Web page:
It is, of course, premature to speculate about Tiger Woods’ future in the wake of his horrific accident and the hours of surgery he underwent Tuesday on his shattered right leg.
The 45-year-old Woods’ well-being and quality of life with his children take precedence over anything else.
But what Woods’ frightening accident did was push the day when golf will go on with him no longer competing closer to reality. Like, really close.
Woods’ accident, too, has led to a lot of reflection about what he has done for the game, where he has taken it and how his presence has affected so many around it.
The PGA Tour would not be what it is today — the powerful financial machine that has lined the pockets of its players with $100 bills thanks to the sponsorships that followed Woods’ remarkable game-changing excellence.
The corporate event for Discovery and Golf TV that Woods reportedly was rushing to get to when he crashed his courtesy SUV just south of Los Angeles would not have been taking place had it not been for what he has brought to the game. Because without Woods, there almost certainly would be no such thing as Golf TV.
Woods, with the attention he brought to golf, changed the entire landscape of the sport, carried it from the fringes to the mainstream.
“He’s a transcendent human being, he’s iconic,’’ PGA Tour commissioner Jay Monahan said Wednesday from Florida, where he made a special trip to the WGC-Workday Championship to speak to the players about Woods and be there for them.
If you don’t believe Woods transcended golf, dial up Twitter and take note of the people who’ve posted encouraging tweets for him, beginning with the two most recent former U.S. Presidents, Barack Obama and Donald Trump.
The most elite athletes from sports other than golf as well as the entertainment world reached out — Magic Johnson, Michael Phelps, Serena Williams, Rafael Nadal, Mike Tyson, Stephen Curry, Alex Rodriguez, Gareth Bale, O.J. Simpson, Kevin Hart, even Cher.
These tributes were in addition to the long list of fellow golfers who posted prayers and well wishes.
“Just look at the way the world has responded,’’ Monahan said. “I mean the world. His impact is profound, his impact is perpetual.’’
The reality of Tuesday’s frightening incident is that Woods’ perpetual impact as a player now seems like a long shot to happen again.
“It’s probably a thought that no one wants to think about at the moment,’’ Tyrrell Hatton said Wednesday.
“We were all sort of heading in that direction where Tiger wasn’t going to be a part of the game [as a player],’’ Rory McIlroy said Wednesday. “I’m not saying that was soon. But it’s inevitable that one day he won’t be a part of it, and that’s something that the game of golf and the Tour is going to have to adapt to.’’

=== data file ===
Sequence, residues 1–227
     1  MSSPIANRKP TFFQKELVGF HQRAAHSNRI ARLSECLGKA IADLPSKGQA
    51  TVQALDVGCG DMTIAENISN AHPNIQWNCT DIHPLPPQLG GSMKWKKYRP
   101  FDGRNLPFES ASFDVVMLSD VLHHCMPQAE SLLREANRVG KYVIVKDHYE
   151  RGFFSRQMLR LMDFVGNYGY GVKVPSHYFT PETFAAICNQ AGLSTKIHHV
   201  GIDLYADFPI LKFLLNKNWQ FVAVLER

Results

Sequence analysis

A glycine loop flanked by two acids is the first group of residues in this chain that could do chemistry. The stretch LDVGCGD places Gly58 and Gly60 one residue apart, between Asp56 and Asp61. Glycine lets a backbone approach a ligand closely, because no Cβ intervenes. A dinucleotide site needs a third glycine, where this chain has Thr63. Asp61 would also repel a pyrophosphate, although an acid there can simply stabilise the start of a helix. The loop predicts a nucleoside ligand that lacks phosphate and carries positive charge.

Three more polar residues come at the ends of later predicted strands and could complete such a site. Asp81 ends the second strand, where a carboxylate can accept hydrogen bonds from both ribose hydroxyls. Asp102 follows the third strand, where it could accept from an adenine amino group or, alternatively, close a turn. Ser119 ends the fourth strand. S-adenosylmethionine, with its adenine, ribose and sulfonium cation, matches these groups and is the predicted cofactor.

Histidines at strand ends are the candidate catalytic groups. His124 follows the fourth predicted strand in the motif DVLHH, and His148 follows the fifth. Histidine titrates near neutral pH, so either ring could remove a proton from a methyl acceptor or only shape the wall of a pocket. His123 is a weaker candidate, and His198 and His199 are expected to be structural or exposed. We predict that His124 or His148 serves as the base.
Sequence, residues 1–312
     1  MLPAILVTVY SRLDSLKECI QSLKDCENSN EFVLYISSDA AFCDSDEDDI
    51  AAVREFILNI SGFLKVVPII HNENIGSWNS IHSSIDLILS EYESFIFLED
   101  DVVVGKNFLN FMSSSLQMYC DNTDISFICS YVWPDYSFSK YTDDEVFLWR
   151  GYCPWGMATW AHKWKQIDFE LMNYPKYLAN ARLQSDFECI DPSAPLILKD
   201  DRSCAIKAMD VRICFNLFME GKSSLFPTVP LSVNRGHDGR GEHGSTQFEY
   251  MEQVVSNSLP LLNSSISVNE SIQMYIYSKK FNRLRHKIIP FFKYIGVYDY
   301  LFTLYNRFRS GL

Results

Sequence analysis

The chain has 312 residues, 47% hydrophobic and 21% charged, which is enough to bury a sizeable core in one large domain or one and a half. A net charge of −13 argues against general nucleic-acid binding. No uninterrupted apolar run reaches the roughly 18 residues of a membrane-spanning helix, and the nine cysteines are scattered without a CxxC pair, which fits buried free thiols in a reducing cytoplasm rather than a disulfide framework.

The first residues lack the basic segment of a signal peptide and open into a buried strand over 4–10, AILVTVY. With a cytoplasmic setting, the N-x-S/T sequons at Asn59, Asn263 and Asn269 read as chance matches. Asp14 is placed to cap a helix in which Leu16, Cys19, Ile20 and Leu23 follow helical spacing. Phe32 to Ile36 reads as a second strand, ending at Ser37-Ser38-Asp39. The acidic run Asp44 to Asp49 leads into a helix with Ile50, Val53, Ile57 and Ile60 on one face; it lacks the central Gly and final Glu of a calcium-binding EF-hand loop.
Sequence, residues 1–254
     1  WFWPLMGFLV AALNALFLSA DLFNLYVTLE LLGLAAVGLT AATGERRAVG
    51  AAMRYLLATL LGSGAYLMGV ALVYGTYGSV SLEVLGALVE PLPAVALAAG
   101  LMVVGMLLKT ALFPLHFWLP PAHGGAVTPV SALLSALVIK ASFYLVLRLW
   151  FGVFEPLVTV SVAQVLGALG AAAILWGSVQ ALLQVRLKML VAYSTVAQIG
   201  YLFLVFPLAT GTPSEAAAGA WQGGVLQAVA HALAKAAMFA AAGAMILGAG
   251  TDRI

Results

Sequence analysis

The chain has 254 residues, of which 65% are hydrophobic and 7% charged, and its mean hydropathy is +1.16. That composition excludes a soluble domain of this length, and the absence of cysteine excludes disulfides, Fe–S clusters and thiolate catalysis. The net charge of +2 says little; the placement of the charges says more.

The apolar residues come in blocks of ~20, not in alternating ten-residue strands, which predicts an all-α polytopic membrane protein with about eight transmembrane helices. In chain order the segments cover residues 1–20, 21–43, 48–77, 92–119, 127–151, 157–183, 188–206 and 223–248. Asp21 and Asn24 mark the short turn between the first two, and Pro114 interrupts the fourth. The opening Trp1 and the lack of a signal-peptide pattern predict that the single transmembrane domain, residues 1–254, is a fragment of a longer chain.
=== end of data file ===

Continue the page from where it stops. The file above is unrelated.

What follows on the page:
Indeed, Woods has played just 10 tournaments since the beginning of 2020. Since 2016, he has played only 41 events.
“It may be the end of seeing the genius at work with a club in his hand, but there’s still a lot of other ways that he can affect the game in a great way,’’ McIlroy said.
Woods’ genius elicited conflicting emotions. Early in his career, he owned a determination to not let any outsiders into his world that rivaled his determination to destroy his opponents on the golf course. That sometimes made him a difficult person for which to root.
During his most dominant years, while winning his first 14 majors, Woods seemed almost inhuman, his destruction of opposing players, courses and the record books almost robotic. Sometimes, you wondered if he was extracting any joy from it all.
It wasn’t until after Woods self-detonated his personal life with the infidelity scandal in 2009, followed by a series of back injuries that robbed him of two years’ of tournament play and then the embarrassing 2017 DUI arrest on the side of the road stoned on pain killers, that he became more humanized.
Since his 2017 spinal fusion surgery, which finally freed up his back and allowed him to compete and excel again, Woods, humbled by what he missed by having the game taken away from him, has allowed himself to become close with the younger generation of players.
Woods 2.0 has shown an embraceable side we never saw when he was crushing the competition. Even the most hardened of Woods skeptics had to have felt some emotion when he won the 2019 Masters and his two children, Sam and Charlie, melted into his arms alongside the 18th green at Augusta.
If Woods isn’t able to come back to play again, it’ll be a shame, because it felt like we were just getting to know him.